Kelly King has a deep respect for both sound and silence.
“Most people don’t stop to think about how important their hearing is to them and how we use it even in our quietest moments,” King said. “Our ears are never turned off.”
King, however, spends a lot of time thinking about hearing. In fact, the alumna was so fascinated by the way sound is processed through the ear and brain that she received three separate degrees from the UMD Department of Hearing and Speech Sciences (HESP): a bachelor’s in hearing and speech in 2002; a clinical audiology AuD in 2008 and a clinical audiology PhD in 2011.
“I’m definitely a Terp for life,” she said.
Currently, King works as both a research audiologist and a program officer at the National Institute on Deafness and Other Communication Disorders (NIDCD), a division of the National Institutes of Health (NIH). In her role as a research audiologist, King sees patients from all over the globe at the world’s largest biomedical research hospital. Meanwhile, as a program officer, she oversees grants aimed at understanding hearing and hearing loss, as well as various treatments for communication disorders including hearing aids and cochlear implants. This dual appointment allows King to combine her passion for treating patients with her desire to conduct research that advances the field.
“To be able to serve as both a clinician and a researcher is one of the best parts of the job,” King says. “I’m able to view the field both from the ground and from 30,000 feet to identify where the gaps are in the science and think about how to address those.”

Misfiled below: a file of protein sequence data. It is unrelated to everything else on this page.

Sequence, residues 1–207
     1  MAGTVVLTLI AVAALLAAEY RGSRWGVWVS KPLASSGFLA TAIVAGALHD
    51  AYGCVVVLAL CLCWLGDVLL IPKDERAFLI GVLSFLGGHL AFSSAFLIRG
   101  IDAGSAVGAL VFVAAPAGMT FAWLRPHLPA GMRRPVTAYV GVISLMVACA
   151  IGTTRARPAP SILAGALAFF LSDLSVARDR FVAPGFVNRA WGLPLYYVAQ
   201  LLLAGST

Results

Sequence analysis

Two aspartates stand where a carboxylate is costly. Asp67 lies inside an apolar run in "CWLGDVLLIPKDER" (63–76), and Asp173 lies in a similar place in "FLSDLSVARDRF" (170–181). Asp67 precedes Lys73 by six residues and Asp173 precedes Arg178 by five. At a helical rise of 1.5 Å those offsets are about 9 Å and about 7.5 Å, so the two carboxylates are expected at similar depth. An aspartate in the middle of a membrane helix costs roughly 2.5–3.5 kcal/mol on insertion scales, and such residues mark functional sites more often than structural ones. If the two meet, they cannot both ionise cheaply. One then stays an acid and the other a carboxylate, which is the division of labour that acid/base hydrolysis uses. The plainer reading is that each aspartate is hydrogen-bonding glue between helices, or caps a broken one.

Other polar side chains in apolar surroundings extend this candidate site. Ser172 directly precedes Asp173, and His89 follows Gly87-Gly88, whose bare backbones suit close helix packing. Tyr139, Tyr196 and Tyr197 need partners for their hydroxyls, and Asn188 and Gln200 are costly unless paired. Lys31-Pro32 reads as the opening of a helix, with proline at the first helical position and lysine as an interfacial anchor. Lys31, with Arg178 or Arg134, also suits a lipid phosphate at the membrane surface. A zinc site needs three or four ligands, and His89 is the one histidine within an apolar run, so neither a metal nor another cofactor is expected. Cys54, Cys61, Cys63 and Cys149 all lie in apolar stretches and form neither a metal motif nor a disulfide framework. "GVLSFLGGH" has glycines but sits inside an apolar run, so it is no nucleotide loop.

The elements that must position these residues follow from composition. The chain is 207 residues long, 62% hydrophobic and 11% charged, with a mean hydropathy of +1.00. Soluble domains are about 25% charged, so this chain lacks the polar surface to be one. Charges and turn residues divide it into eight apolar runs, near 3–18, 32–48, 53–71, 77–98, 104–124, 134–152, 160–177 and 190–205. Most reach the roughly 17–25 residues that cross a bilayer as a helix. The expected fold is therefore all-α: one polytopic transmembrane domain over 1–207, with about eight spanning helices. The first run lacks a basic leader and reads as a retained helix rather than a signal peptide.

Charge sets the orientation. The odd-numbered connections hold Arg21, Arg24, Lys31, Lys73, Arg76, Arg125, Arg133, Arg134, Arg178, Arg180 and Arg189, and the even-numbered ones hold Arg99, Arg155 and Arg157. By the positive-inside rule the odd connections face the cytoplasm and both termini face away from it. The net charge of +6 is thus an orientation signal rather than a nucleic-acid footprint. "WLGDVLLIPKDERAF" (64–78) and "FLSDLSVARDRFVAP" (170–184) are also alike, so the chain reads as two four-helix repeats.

King is particularly excited to be spearheading an initiative to improve the affordability and accessibility of hearing health care. Legislation passed last year will pave the way for over-the-counter hearings aids in the next few years—what King calls “a game-changer in the field.”
“Close to 30 million Americans have hearing loss, but only one in four of those people has actually tried hearing aids,” King said. “A principal barrier is cost, but we should start to see much more affordable options, which is very exciting.”
Although work and family keep her plenty busy, King makes time to teach both a graduate and undergraduate course for HESP as a way to stay connected and give back to the department. To her students—and all Terps preparing to face the future—she stresses that graduation and a degree are just a starting point, rather than a finish line.
“The reality that doesn’t get talked about a whole lot is that many of the things we’re teaching students now will be antiquated at some point in the future,” King said. “Of course, we haven’t taught them everything they need to know. Our job, as educators, has been helping them learn how to learn. We all have to be life-long learners. It’s the only way to thrive these days.”